What case does Montag make to Mildred in defense of reading in Fahrenheit 451?

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pohnpei397's profile pic

pohnpei397 | College Teacher | (Level 3) Distinguished Educator

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Basically, what Guy Montag says to his wife, Millie, is that reading books might improve their lives -- both their own personal lives and the life of the country as a whole.

First (this is at the beginning of Part II), Montag points out that Millie had just had the overdose of pills.  He implies that it is because she does not read.

Second, he talks about wars that the country has had.  He says that maybe if people read books, they would quit making the same mistakes over and over.

teachersage's profile pic

teachersage | (Level 2) Educator

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Montag shows Millie the books he has stashed away in an attempt to communicate to her that reading may be the way out of the unsatisfying lives that have trapped them both. He tries hard to communicate with her, to break through her shell. He tells her, "I'm not happy." He also turns off her view screens and wonders if, rather than driving around at high speeds and running over small animals when she is upset and angry, reading might provide a better answer. He wants her to stop relying on the viewscreens to fill her life. He wants her to give books a chance for 24 or 48 hours because the life they are leading isn't, if they are honest with themselves, working for them. She has attempted suicide and he is at the breaking point with his job as a book burner. 

Montag insists on reading to Millie from the forbidden books he has collected, suggesting to her they may contain wisdom that will help them turn their lives around. He also talks about the wars the government has gotten into and the rumors that while they live well, many around the world are hungry and toiling: 

We've started and won two atomic wars since 1960. Is it because we're having so much fun at home we've forgotten the world? Is it because we're so rich and the rest of the world's so poor and we just don't care if they are? I've heard rumours; the world is starving, but we're well-fed. Is it true, the world works hard and we play?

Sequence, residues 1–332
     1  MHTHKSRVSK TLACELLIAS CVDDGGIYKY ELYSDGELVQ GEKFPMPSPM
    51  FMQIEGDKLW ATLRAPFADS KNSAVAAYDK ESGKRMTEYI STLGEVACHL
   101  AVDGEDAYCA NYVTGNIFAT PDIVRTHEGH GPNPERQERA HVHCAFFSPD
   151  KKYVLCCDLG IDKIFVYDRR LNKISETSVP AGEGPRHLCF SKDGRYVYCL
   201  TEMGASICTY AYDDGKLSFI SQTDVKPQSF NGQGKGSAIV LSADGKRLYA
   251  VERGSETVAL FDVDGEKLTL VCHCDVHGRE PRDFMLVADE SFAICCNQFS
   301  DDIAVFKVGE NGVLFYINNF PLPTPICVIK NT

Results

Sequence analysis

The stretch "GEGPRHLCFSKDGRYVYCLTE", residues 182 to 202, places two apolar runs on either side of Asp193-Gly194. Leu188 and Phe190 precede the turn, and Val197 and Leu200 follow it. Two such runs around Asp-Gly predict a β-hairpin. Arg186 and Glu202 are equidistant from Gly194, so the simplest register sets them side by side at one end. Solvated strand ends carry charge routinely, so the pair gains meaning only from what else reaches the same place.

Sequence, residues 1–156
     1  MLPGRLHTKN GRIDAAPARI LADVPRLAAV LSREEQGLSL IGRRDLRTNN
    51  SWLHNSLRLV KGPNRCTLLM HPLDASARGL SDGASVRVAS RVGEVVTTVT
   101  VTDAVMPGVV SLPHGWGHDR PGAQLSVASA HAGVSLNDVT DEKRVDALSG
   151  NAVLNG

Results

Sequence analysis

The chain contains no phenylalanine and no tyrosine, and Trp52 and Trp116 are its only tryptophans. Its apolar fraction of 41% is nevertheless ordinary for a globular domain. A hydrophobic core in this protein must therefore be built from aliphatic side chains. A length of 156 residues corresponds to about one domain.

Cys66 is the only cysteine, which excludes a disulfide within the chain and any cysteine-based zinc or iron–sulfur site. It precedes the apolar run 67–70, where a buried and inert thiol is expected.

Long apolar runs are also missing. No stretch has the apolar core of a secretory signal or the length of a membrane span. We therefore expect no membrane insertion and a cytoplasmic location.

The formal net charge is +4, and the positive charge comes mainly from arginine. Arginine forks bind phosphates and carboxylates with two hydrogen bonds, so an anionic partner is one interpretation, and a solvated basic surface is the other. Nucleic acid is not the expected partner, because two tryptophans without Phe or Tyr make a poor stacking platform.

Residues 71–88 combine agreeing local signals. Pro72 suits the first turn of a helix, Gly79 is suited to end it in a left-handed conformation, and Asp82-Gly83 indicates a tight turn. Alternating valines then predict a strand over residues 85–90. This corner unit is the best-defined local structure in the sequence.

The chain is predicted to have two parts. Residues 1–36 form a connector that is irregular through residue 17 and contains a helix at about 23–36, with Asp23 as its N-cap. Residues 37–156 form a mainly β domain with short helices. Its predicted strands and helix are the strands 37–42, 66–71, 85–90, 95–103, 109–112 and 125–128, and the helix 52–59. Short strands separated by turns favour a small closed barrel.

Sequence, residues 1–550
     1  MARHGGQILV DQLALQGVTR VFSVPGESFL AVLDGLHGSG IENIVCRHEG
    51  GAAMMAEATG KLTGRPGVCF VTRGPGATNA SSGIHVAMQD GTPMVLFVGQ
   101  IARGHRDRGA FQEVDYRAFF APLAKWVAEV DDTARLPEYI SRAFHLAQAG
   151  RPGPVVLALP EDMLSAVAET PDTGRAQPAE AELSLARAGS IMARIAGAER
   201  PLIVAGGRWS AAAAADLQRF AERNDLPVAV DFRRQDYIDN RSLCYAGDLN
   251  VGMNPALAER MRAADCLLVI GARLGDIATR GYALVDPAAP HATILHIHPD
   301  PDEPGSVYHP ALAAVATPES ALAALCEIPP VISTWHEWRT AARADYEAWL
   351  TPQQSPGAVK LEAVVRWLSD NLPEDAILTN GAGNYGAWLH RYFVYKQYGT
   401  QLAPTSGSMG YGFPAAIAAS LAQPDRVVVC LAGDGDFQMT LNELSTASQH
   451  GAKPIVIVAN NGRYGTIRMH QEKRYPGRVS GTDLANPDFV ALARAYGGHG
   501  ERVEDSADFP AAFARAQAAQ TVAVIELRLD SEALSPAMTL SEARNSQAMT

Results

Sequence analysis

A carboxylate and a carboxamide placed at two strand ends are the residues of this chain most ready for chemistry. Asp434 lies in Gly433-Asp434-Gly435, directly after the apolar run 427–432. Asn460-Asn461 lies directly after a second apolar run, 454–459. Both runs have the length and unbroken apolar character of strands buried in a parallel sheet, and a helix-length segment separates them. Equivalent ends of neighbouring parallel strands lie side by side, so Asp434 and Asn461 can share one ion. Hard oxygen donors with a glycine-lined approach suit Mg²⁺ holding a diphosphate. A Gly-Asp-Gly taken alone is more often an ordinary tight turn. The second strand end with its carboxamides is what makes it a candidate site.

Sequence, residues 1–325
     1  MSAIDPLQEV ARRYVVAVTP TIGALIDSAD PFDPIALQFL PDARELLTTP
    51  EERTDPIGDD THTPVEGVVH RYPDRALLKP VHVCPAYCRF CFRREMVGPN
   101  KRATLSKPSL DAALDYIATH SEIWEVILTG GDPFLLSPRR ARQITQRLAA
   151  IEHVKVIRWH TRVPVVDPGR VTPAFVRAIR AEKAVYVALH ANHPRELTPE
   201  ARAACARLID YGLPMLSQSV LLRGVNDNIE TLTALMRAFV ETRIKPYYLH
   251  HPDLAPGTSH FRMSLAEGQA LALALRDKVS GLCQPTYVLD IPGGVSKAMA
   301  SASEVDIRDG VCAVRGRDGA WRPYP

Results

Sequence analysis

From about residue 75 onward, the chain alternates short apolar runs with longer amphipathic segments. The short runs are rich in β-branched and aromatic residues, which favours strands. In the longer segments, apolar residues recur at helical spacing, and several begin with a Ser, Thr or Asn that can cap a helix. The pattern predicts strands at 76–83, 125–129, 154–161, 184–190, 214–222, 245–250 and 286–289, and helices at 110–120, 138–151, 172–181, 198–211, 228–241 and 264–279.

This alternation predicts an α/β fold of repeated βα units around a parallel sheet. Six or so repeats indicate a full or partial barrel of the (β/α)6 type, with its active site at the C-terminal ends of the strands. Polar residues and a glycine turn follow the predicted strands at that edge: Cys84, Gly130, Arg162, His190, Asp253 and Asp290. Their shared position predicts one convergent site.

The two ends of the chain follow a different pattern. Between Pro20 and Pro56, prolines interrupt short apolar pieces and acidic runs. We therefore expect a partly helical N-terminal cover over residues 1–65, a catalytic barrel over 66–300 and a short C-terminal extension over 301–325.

He then says to Millie, "maybe the books can get us half out of the cave." Montag appeals to both Millie's self interest and her possible interest in a wider humanity in a passionate attempt to touch her core being and engage her as a partner in a new, subversive path in which books will play a central role. Perhaps through books, they can help mold a better world that won't repeat the mistakes of the past. But she is far too brainwashed to respond with anything but fear and rejection. 

tinicraw's profile pic

tinicraw | High School Teacher | (Level 1) Educator Emeritus

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At the end of Part 1, Montag breaks the news to his wife that he has about twenty books stored in the air-conditioning duct above the front door. She freaks out and he has to slap her in order to calm her down. The first thing he asks his wife is to support him at the moment because he's never asked her for anything before. Then he says that each of them is in a mess because of the way they solve their own problems: "you and the medicine nights, and the car, and me and my work" (66). The way Mildred solves her problems is to take sleeping pills or to go drive her car at dangerous speeds to relieve stress. His mess is his work. Because of these things, he says that they are both headed for a cliff; in other words, they are both headed for self-destruction.

Next, he says that researching books for what they might be missing in life won't be easy, but if they help one another, they might discover what life's purpose is. Then he appeals to her love for him to help him do this within the next 24 or 48 hours. He then promises that at that point it will all be over and maybe they will discover something to pass on to other people. 

Finally, he brings up the woman who burned herself for her books and Clarisse as examples of people who are reasons to take the time to discover what they knew and what she and he don't know. Montag explains as follows:

"The woman, the other night, Millie, you weren't there. You didn't see her face. And Clarisse. You never talked to her. I talked to her. And men like Beatty are afraid of her. I can't understand it. Why should they be so afraid of someone like her? But . . . I suddenly realized . . . I didn't like myself at all any more. And I thought maybe it would be best if the firemen themselves are burnt" (67).

Montag sees that there is something terribly wrong with their society when two women wind up burning or disappearing for believing in books or something different than what the government does. All of these reasons are enough for Mildred to give reading a chance, but she's not as committed to it as Montag is.


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